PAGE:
Never bring a gun to a food fight.

The drama in such scenarios is created when the hero finds himself in a situation for which he was not prepared. 4A Games demonstrated a terrific understanding of this fact with their 2013 game, Metro: Last Light. In this title, maintenance of one’s equipment is paramount. However, the most difficult equipment to keep functioning are its firearms. As such, players will be very used to prioritizing their guns above everything else; so when they come face-to-face with bulletproof spider creatures, they will quickly have to turn to solutions they may not have expected to employ.

No, the solution is not brown pants.

No, the solution is not brown pants.

Instead, the player will have to rely on their flashlight to harm the photo-sensitive creatures. Keeping the flashlight charged and pointed in the right direction at all times marks a drastic change in demands from the player. While our hero could be a crack shot with a full pack of ammunition, it means nothing in the depths of those web infested tunnels as things skitter around in the dark.

However, not all unconventional resolutions must be borne from desperation. In fact, one oft-ignored item in the arsenal of problem solving is simple argument. The 2008 TV series Flashpoint focuses on Toronto’s ‘Special Response Unit’. While they are kitted with all sorts of high-end weapons and gadgets designed to kill a human being with ease; every time they are forced to use them, it is considered a failure on their part. Instead, they seek to understand what drives their dangerous suspects and talk them down into a peaceful solution.

Be it a group of common thugs or a confused teenager, there’s no question as to whether the SRU is capable of dispatching their opponents. Rather, the tension arises in the question of whether they will have to dispatch their adversaries.

Long story short: He doesn’t use his head, someone loses theirs.

Long story short: He doesn’t use his head, someone loses theirs.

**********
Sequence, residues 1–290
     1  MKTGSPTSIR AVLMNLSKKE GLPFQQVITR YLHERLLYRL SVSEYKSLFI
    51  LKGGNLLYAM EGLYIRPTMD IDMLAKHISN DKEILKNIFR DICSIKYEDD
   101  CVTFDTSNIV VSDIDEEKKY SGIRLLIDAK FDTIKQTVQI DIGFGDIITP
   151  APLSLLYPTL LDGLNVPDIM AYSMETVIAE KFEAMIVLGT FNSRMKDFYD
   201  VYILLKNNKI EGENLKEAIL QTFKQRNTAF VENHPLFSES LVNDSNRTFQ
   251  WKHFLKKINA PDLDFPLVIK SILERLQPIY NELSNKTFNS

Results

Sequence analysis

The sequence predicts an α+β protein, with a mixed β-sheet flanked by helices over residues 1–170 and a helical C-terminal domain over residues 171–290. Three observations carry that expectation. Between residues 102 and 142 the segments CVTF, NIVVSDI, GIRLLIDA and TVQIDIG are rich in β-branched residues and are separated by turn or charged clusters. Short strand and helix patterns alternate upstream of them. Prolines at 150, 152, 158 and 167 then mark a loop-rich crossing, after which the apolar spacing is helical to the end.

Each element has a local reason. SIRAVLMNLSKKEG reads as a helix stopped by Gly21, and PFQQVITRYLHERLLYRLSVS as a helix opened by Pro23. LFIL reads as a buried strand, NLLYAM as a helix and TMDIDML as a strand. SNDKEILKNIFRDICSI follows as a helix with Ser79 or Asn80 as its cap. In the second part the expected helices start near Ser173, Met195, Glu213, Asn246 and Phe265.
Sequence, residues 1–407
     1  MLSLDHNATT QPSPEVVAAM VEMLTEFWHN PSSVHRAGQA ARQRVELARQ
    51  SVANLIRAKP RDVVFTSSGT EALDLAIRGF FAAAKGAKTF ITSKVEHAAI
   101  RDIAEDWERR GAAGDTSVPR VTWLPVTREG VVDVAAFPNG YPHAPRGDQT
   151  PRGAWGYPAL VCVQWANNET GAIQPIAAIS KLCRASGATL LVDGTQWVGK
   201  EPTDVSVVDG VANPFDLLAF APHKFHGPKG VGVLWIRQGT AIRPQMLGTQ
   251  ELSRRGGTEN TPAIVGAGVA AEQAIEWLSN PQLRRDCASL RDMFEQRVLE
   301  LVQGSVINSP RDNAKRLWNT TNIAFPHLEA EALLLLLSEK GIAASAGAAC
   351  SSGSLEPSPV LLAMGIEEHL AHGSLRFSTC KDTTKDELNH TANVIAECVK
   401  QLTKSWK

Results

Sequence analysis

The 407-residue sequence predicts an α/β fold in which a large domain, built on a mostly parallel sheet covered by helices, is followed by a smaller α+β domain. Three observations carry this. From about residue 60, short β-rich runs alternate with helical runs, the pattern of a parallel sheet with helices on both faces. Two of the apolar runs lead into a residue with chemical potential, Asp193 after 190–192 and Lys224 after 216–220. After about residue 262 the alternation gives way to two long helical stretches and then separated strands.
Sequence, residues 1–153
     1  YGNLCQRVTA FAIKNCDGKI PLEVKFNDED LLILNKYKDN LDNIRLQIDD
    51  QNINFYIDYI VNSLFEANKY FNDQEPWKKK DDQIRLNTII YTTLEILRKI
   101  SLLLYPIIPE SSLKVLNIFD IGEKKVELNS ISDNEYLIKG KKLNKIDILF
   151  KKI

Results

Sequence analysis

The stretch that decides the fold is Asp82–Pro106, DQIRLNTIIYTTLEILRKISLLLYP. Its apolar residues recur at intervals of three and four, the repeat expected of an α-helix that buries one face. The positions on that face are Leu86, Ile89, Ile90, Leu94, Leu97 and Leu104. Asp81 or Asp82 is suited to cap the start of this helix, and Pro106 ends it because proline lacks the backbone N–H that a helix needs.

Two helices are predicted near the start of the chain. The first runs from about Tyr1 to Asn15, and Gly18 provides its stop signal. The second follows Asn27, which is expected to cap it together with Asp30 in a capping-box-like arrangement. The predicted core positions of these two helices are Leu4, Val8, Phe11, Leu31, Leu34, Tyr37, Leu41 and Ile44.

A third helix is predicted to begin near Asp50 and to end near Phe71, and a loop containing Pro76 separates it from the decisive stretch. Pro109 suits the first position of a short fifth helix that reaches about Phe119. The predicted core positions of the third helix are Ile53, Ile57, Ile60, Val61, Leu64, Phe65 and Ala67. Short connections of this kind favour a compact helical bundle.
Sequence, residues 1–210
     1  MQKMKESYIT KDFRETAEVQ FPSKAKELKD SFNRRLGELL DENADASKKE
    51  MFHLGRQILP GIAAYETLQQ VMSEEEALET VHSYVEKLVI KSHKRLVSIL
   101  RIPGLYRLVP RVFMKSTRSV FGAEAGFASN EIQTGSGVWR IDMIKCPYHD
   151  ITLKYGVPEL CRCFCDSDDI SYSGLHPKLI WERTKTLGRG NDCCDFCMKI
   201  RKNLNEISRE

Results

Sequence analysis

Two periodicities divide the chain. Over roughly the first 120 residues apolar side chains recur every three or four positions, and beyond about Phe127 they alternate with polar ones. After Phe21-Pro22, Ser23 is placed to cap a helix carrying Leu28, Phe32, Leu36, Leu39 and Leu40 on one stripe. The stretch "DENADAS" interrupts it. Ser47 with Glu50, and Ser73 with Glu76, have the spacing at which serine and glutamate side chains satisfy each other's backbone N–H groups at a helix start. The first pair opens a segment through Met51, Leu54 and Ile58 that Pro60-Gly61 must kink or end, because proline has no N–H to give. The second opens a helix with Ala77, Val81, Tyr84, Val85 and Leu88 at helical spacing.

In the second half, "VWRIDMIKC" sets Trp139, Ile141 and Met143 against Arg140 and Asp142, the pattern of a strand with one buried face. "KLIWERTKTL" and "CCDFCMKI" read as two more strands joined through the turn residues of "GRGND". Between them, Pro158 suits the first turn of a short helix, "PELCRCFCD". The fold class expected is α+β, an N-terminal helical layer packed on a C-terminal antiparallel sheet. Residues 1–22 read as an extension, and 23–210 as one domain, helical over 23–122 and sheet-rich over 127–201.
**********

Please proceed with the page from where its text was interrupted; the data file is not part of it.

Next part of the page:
While many writers may not appreciate this, seeking to avoid a firefight can be just as tense as executing one. Tarantino’s Inglorious Basterds (2009, film) features a remarkably dramatic scene wherein our heroes meet with a contact in a crowded pub in occupied France. While they are speaking in German, their accent seems strange to one of the Wehrmacht soldiers at the pub, and thus our heroes must quickly generate a lie about what region of Germany they hail from or stand revealed as infiltrators. This scene tortures the audience as the protagonists stand on the precipice of violence, knowing that a single seam in their story will mean their doom.

The narrative stakes may not reach the same heights in Eidos’ Deus Ex: Human Revolution (2011), but there are multiple dialogue bosses sprinkled throughout. These encounters, though rarer than I’d personally like them, allow the player to defuse a scenario without violence or perfidy –but only if he can get a proper read on his opponent.

Long story short: He doesn’t use his head, someone loses theirs.

Long story short: He doesn’t use his head, someone loses theirs.

Even the climax to a story can be made much more interesting through an argument, even if it’s relatively quiet when compared to the rest of the narrative. Meeting “The Master” in Interplay’s 1997 post-apocalyptic RPG, Fallout can be resolved with a simple dialogue tree; despite the brutal combat present in the rest of the game. While the player may choose to simply attack The Master in an epic brawl, if he has instead sufficiently explored the wasteland; he has the option to not only talk to The Master, but convince him that the villain’s entire plan is futile without further bloodshed at all.

The satisfaction to be found here is not in the player’s own cleverness, but the fact that he went the extra mile to learn everything about his enemy. By considering the Master, and his army to be more than some nuisance to stamp out, he stumbled upon a solution that he, and ONLY he, could arrive at. Anyone with a machine gun could have stormed the Master’s fortress, but only our hero could walk in armed with nothing but facts and walk back out again.

Remember: it never hurts to open with a compliment.

Remember: it never hurts to open with a compliment.

And so we see that being the most skilled fighter on the field still doesn’t make a character all that special, but those who are most capable of adapting to their circumstances are. So put down the gun before you pick up the pen. Who knows? It just might make you a better writer.

Ryan J. Hodge is a science fiction author and works for Konami Digital Entertainment US (His opinions are his own). His latest book, Wounded Worlds: Nihil Novum, is available now for eBook & Paperback.

You can now follow Ryan on Twitter @RJHodgeAuthor

Ryan Hodge's science fiction book Wounded Worlds.

Ryan Hodge’s science fiction book Wounded Worlds.